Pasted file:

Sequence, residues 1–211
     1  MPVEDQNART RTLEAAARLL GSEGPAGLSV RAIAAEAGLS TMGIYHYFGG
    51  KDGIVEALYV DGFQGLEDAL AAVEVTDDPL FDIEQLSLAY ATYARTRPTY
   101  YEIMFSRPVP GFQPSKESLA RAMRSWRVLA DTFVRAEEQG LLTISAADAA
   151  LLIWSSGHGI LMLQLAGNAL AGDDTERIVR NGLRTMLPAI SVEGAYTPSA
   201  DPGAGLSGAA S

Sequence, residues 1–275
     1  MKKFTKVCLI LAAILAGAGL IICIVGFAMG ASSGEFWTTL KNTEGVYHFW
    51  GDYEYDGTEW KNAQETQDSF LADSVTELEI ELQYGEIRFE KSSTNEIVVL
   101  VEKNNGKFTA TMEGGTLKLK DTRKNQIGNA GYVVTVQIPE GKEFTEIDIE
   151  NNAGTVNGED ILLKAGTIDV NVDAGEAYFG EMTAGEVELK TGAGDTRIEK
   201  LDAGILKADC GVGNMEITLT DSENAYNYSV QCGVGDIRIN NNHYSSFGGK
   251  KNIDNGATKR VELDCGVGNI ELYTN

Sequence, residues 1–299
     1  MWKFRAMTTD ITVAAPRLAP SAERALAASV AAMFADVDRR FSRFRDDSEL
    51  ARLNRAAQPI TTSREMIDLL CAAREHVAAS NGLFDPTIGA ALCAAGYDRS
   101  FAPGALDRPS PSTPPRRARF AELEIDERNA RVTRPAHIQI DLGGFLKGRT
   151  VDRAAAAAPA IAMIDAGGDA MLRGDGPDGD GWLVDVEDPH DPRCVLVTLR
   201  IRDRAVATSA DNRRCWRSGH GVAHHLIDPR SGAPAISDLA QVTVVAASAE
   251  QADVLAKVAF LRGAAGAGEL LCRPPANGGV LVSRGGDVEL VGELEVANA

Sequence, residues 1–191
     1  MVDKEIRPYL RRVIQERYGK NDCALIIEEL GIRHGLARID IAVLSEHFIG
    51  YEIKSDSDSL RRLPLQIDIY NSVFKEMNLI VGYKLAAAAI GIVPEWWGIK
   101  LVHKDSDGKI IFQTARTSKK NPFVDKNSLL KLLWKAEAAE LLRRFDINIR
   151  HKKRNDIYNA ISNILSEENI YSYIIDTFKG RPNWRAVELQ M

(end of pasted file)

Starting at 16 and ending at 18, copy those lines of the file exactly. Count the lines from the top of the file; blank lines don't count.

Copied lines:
    51  ARLNRAAQPI TTSREMIDLL CAAREHVAAS NGLFDPTIGA ALCAAGYDRS
   101  FAPGALDRPS PSTPPRRARF AELEIDERNA RVTRPAHIQI DLGGFLKGRT
   151  VDRAAAAAPA IAMIDAGGDA MLRGDGPDGD GWLVDVEDPH DPRCVLVTLR